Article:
Bing Gains New Logo, UI, Page Zero Links, Snapshot & Pole Position Answers
This evening, Microsoft announced and has started to roll out a range of new features for Bing — some cosmetic, some more structural. Prominent among them is a new logo and identity, which is symbolic of Bing’s deeper integration across the Microsoft’s products and devices.
The company has devoted a lengthy blog post to the new “One Microsoft” logo and its meaning.
Beyond this there are a range of updates to the Bing user experience. Moreover, the Bing experience will now vary by device.
Microsoft says that overall these changes are intended to deliver information more quickly and in more helpful or actionable ways. The company also says there are more to come as it builds out a “next-generation” search experience, making it “no longer just a search engine.”
New Snapshot: Combining Sidebar & Old Snapshot
Microsoft has wisely combined its Social Sidebar and Snapshot into a single, more prominent right column (akin to Google’s Knowledge Graph). Social content will now reside below the structured data on a subject.
Below are two “before and after” examples for the query “Miss America.” The first image is the current Bing results page, featuring a center (Snapshot) and right column (Sidebar). The second image is the new page for the same result.
The new page is simpler and Snapshot is wider (almost half the page width). It’s also shaded to differentiate it from the main results. And, as mentioned, social results have been integrated under the structured content, often below the fold.
Page Zero: Deep Linking Pre-SERP
Another new feature is something Microsoft is calling “Page Zero.” These are deep links that provide shortcuts to common information objectives. It works on the homepage and from search results pages equally. The idea is to enable discovery of information quickly. (Google has a similar objective with rich snippets and deep linking.)
Pole Position: High Confidence Answers
Pole Position is another new feature, essentially an answer that Bing will prominently display when it has confidence about user intent. I performed a range of queries but only found these new results in only a few cases.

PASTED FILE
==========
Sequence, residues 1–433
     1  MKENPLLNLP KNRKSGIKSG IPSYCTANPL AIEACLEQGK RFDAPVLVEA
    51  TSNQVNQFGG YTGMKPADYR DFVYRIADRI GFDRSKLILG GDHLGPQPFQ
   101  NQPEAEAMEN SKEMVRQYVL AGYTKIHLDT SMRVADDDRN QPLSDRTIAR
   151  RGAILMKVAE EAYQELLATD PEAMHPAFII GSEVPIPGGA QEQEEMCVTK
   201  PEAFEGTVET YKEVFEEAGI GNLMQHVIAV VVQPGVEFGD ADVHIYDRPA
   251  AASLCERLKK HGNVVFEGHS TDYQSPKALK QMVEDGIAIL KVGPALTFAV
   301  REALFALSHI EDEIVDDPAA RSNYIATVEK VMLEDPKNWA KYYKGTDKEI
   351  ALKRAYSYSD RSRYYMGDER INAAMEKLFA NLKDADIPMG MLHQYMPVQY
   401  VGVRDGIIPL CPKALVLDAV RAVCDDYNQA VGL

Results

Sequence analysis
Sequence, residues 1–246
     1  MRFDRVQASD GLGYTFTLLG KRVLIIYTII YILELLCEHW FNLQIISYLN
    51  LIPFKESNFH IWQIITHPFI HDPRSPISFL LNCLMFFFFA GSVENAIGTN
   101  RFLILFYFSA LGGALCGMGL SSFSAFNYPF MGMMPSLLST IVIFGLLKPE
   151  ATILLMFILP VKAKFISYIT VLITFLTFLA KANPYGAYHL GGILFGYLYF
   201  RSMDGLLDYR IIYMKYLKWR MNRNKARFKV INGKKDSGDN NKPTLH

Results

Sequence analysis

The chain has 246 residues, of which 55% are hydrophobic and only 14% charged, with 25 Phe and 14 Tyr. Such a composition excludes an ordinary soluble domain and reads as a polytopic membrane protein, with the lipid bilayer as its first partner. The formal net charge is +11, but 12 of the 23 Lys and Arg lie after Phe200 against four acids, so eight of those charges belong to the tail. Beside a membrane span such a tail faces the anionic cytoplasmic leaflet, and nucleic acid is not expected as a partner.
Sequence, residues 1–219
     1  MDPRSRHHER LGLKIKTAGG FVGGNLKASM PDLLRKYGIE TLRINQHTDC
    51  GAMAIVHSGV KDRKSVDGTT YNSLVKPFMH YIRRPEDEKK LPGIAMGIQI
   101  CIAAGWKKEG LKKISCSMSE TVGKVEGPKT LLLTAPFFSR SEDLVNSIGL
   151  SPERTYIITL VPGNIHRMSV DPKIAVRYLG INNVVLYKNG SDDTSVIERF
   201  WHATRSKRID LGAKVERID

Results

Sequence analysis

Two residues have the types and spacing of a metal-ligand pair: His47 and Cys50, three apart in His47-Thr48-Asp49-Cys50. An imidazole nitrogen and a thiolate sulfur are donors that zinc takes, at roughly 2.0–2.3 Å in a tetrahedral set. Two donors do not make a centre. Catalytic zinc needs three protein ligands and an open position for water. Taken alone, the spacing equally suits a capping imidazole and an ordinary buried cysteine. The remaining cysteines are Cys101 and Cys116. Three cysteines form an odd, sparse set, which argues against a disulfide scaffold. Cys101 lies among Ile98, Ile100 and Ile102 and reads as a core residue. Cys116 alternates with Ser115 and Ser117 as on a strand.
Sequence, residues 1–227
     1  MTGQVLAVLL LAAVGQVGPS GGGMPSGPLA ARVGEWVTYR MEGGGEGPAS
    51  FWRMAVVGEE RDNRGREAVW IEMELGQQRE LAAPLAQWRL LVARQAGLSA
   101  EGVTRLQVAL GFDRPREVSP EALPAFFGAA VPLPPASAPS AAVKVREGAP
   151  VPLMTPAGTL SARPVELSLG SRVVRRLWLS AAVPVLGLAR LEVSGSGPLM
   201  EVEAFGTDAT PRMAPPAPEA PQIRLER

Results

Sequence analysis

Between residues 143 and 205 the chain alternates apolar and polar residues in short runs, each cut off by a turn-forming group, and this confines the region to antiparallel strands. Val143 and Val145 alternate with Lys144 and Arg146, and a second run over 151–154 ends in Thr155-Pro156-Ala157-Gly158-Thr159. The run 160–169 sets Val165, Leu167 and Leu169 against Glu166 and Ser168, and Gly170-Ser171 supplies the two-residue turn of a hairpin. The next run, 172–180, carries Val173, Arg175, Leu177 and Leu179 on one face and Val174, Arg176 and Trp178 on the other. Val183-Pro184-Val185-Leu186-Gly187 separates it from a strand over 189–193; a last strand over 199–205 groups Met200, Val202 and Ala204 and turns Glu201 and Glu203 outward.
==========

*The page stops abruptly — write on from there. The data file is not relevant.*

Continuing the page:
Below are two Pole Position examples for weather and a celebrity name, Nina Davuluri (Miss America).
Here’s what Microsoft says about when Pole Position will be triggered:
We’re now introducing a new surface area at the top of the page called “Pole Position” for results where we have high confidence on a user’s intent. When we know that someone wants images of a celebrity, is looking for a specific fact or needs a detailed view of the weather in a particular city, we now provide a much larger answer beautifully integrated at the top of the page. These larger format answers help people find the best answer for their question.
Adapting To Multiple Devices, Screen Sizes
Bing is now better designed to operate across a range of devices. Results will display somewhat differently across those screens, from a 60-inch TV to a mobile device. In fact the colors and overall appearance can vary quite a bit, based on screenshots we saw.
Page elements will change based on what’s appropriate for the usage context:
Our new layout is built from the ground up to work across devices and will adjust both to the size of the screen and the context of the user so we present the right experience at the right time. Results should look as beautiful on a Surface or iPad as they do on a PC or phone. Our new platform will enable us to improve experiences across an ever growing range of devices, like mobile . . . Part of this focus on mobile and tablet devices means integrating touch into our experiences and we’ve introduced a number of capabilities to allow for more rapid refinements in the future.
On an iPad, for example, Bing results pages will also be rendered in a more touch-friendly ways to better adapt to the tablet experience. Regardless of the specific screen, the updated design aims to be more visually attractive, simpler and more “human” across all devices.
Microsoft says that these changes and improvements are part of an evolution of Bing and its role within the larger family of Microsoft products. The changes may not be immediately available to people and will be rolling out over the next few days (although I’m not 100 percent certain of that time frame).
If there ever was a serious intention at Microsoft to sell Bing, it’s hard to believe now. That’s because Bing has become a key element of the overall Microsoft “services layer” and operating system.
Some opinions expressed in this article may be those of a guest author and not necessarily Search Engine Land. Staff authors are listed here.
(Some images used under license from Shutterstock.com.)
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